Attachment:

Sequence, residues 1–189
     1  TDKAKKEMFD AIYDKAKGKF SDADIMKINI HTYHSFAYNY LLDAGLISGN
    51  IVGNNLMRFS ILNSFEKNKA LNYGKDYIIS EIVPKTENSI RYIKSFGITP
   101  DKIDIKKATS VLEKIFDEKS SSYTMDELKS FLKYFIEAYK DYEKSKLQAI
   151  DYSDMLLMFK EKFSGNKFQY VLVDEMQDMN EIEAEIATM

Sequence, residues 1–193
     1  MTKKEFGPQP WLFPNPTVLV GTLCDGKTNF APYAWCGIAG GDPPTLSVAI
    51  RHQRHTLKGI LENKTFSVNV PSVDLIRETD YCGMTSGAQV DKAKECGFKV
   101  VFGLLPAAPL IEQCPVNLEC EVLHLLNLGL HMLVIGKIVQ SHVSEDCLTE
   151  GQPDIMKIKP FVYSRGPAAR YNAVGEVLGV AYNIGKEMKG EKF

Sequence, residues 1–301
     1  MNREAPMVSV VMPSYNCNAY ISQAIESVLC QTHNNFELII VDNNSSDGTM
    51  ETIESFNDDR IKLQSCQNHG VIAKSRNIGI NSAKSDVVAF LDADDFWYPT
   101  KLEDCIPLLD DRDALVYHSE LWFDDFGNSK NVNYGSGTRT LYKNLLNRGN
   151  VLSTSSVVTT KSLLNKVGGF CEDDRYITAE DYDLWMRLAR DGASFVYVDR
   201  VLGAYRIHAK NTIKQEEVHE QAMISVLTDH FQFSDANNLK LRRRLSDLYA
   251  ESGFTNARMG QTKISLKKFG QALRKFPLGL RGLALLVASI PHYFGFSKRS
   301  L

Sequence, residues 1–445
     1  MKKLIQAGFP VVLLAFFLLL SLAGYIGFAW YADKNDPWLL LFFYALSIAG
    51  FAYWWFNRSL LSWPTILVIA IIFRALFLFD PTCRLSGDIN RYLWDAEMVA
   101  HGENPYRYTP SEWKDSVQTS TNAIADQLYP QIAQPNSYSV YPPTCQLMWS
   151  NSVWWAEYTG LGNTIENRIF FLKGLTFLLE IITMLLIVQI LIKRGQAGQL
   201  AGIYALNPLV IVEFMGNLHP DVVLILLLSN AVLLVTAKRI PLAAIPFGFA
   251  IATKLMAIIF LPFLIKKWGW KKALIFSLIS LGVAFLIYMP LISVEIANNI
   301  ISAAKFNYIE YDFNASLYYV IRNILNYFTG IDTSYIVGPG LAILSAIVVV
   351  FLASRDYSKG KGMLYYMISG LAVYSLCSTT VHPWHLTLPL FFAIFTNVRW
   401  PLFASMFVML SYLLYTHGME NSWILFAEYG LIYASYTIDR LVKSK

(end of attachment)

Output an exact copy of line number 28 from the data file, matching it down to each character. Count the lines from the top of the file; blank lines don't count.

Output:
   401  PLFASMFVML SYLLYTHGME NSWILFAEYG LIYASYTIDR LVKSK